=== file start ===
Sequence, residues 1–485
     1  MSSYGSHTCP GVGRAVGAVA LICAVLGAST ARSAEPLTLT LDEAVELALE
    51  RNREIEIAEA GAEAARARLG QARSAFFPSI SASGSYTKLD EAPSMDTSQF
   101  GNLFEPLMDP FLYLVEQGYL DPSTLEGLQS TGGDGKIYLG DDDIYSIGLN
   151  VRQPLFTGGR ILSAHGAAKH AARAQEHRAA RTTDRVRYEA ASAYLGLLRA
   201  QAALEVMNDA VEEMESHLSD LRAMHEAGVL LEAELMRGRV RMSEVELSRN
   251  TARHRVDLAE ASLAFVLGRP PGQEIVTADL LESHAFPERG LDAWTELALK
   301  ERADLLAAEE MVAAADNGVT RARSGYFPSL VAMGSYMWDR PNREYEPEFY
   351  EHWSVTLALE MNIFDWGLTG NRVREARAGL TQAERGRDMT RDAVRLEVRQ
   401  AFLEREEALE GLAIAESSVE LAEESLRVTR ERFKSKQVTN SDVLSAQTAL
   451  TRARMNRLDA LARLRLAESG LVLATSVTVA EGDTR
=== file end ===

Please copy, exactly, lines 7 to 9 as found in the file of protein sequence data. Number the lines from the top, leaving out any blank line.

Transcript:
   251  TARHRVDLAE ASLAFVLGRP PGQEIVTADL LESHAFPERG LDAWTELALK
   301  ERADLLAAEE MVAAADNGVT RARSGYFPSL VAMGSYMWDR PNREYEPEFY
   351  EHWSVTLALE MNIFDWGLTG NRVREARAGL TQAERGRDMT RDAVRLEVRQ